Through the lens of independent films, this series tells the many stories of a transforming American culture and its broad diversity. It takes an unfiltered look at relevant domestic topics (healthcare, immigration, the workplace, and politics) with personal storytelling tied to programming social themes. The series showcases films that will give viewers a "snapshot" of the transforming American life - the guts, the glory, the grit of a new and changing America. From contemporary life on Native American reservations to stories of recovery on the Gulf, from hardships and revitalization in towns big and small, to stories from city streets across the country, these independent, personal and opinionated films document the times in which we live.
America Reframed Previous Broadcasts
Trust (Episode #106)
KQED World: Wed, Oct 30, 2013 -- 5:00 AM
This film begins when Marlin, an 18-year-old Hondurena, shares a hidden history about her childhood with a neighborhood youth theater company. Marlin's story is about resilience: she endured rape as young girl, survived a harsh and difficult journey from Honduras to the US, suffered further abuse at the hands of her own brother, and overcame substance addiction. The film captures the amazing response from her fellow actors and the unexpected journey her story takes them on together: they transform Marlin's story into a daring, original play and Marlin re-claims power over the narrative of her life story. "Trust" is about creativity and the unexpected resources inside youth who may be discounted because of their youth, race or ethnicity or because they come from under-resourced neighborhoods without access to arts programs.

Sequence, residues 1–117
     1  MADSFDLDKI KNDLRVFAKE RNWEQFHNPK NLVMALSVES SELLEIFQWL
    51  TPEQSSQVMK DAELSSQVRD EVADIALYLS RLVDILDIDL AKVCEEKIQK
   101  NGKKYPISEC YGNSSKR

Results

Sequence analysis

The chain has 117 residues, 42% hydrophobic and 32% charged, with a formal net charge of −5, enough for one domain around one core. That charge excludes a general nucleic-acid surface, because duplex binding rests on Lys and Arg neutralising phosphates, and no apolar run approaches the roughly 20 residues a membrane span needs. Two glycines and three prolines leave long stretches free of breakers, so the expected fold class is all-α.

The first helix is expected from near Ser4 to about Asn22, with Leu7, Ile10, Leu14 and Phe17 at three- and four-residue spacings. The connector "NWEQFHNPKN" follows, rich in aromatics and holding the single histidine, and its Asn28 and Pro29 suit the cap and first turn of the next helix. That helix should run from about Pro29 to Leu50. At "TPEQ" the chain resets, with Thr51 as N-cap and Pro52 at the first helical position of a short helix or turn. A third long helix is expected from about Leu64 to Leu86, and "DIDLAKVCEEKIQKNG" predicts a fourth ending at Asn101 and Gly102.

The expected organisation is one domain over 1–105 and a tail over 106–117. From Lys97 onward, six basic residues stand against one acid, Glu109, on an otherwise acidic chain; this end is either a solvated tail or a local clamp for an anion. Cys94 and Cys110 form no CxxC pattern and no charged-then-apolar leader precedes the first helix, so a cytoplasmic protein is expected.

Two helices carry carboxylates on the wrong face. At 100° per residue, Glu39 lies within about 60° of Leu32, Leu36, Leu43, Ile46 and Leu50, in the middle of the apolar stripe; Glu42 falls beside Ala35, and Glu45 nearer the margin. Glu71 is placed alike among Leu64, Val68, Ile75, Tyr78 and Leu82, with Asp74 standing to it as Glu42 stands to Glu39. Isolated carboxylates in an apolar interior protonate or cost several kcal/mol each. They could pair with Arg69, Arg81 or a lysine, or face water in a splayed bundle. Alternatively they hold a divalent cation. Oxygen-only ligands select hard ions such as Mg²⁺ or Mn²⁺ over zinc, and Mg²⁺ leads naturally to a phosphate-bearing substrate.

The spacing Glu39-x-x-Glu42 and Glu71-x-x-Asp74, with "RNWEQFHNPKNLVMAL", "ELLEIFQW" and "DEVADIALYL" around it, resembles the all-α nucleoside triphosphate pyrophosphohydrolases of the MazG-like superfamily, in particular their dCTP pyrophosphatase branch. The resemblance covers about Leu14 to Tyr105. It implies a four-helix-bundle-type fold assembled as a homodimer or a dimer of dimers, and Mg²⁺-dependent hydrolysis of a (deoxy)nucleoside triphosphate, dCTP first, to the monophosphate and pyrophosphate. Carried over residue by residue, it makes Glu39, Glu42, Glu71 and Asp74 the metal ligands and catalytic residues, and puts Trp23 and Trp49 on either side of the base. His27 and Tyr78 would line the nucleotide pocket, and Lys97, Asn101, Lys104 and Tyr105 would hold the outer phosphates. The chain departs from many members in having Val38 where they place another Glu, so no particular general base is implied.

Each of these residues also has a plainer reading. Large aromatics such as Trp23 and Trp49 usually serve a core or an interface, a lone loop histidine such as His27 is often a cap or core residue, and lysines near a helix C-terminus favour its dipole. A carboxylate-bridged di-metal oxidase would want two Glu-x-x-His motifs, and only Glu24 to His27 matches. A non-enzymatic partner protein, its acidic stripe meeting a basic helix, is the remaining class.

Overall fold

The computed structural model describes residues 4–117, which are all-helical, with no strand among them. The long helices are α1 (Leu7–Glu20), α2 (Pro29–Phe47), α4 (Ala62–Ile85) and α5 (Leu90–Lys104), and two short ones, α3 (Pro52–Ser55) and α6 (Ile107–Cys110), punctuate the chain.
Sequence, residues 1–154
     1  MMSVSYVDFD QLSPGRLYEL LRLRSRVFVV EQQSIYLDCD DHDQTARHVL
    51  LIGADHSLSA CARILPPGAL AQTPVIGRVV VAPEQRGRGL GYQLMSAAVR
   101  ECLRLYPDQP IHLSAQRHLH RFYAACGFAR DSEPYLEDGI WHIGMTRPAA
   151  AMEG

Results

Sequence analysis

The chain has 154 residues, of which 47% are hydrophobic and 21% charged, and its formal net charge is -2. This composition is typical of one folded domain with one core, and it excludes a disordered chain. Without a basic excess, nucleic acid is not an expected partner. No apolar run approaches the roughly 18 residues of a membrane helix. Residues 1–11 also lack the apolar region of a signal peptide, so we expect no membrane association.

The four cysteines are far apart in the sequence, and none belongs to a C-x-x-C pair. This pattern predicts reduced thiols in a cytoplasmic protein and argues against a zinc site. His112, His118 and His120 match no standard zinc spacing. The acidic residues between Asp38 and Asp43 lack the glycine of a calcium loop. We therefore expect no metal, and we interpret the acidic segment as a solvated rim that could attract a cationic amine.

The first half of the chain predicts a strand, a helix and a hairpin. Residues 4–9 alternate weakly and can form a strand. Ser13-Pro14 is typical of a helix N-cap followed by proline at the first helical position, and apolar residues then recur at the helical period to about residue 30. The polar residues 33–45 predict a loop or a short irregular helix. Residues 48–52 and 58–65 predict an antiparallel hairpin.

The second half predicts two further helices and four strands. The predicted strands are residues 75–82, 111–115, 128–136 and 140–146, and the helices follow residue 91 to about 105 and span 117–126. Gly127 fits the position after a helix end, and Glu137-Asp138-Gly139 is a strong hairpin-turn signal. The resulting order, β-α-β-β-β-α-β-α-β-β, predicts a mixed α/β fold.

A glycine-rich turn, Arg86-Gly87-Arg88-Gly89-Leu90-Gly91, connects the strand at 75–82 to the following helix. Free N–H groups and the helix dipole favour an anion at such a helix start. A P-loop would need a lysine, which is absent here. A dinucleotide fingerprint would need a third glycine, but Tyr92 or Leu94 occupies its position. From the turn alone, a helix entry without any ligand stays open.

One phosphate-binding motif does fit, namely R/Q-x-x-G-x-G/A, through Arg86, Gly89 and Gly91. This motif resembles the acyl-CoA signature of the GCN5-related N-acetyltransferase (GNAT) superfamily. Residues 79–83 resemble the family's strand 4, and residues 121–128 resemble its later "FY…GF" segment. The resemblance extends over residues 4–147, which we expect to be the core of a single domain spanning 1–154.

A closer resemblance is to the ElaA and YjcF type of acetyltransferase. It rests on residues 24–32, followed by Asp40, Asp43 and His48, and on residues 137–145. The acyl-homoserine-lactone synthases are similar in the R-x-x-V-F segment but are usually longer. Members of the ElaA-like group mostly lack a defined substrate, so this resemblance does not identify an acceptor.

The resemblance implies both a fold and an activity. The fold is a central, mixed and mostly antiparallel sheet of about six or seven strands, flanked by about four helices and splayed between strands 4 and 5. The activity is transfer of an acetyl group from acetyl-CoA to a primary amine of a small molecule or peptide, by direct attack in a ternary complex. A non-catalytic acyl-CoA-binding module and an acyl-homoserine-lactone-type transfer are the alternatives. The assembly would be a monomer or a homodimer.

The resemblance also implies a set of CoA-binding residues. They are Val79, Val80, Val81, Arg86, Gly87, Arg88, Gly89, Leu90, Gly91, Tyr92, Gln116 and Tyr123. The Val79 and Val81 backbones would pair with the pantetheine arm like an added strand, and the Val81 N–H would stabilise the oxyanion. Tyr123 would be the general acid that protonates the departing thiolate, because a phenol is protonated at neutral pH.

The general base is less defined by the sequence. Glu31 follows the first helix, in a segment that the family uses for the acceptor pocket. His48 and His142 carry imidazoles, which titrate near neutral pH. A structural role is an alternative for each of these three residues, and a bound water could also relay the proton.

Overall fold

- KQED World: Wed, Oct 30, 2013 -- 11:00 AM
America Dreams Deferred (Episode #114)
KQED World: Wed, Oct 23, 2013 -- 6:00 AM
A young Latino man, William Caballero, juggles unconditional family love with the challenges of breaking the cycle that has kept so many relatives from reaching their dreams. Set against a backdrop of Coney Island and Fayetteville, North Carolina, an NYU graduate student turns the camera on his Puerto Rican-American family plagued by social, medical and public health issues. US health care and culture is examined through this young man's lens, which also explores both his and family's dreams. Many immigrants in the US aspire to achieve the American dream and this Latino family comprised of immigrants to second-generation Americans is no different. As subjective as the barometer of reaching this goal is, the film begs the ultimate question: who attains their American dream?
- KQED World: Sun, Oct 27, 2013 -- 9:00 PM
- KQED World: Sun, Oct 27, 2013 -- 6:00 AM
- KQED World: Sun, Oct 27, 2013 -- 12:00 AM
- KQED World: Wed, Oct 23, 2013 -- 12:00 PM
Plagues and Pleasures on the Salton Sea (Episode #206)
KQED World: Wed, Oct 16, 2013 -- 6:00 AM
Once known as the California Riviera, the Salton Sea is now called one of America's worst ecological disasters: a fetid, stagnant, salty lake, that coughs up dead fish and birds by the thousands in frequent die-offs that occur. However, amongst the ruins of this man-made mistake, a few remaining eccentrics (a roadside nudist, a religious folk artist, a Hungarian revolutionary, and real estate speculators) struggle to keep a remodeled version of the original Salton Sea dream alive. Accidentally created by an engineering error in 1905, reworked in the 50's as a world class vacation destination for the rich and famous, suddenly abandoned after a series of hurricanes, floods, and fish die-offs, and finally almost saved by Congressman Sonny Bono, the Salton Sea has a bittersweet past. The film shares these people's stories and their difficulties in keeping their unique community alive, as the nearby cities of Los Angeles and San Diego attempt to take the agricultural water run-off that barely sustains the Salton Sea. While covering the historical, economic, political, and environmental issues that face the Sea, PLAGUES AND PLEASURES offers an offbeat portrait of the peculiar and individualistic people who populate its shores. It is an epic western tale of fantastic real estate ventures and failed boomtowns, inner-city gangs fleeing to white small town America, and the subjective notion of success and failure amidst the ruins of the past.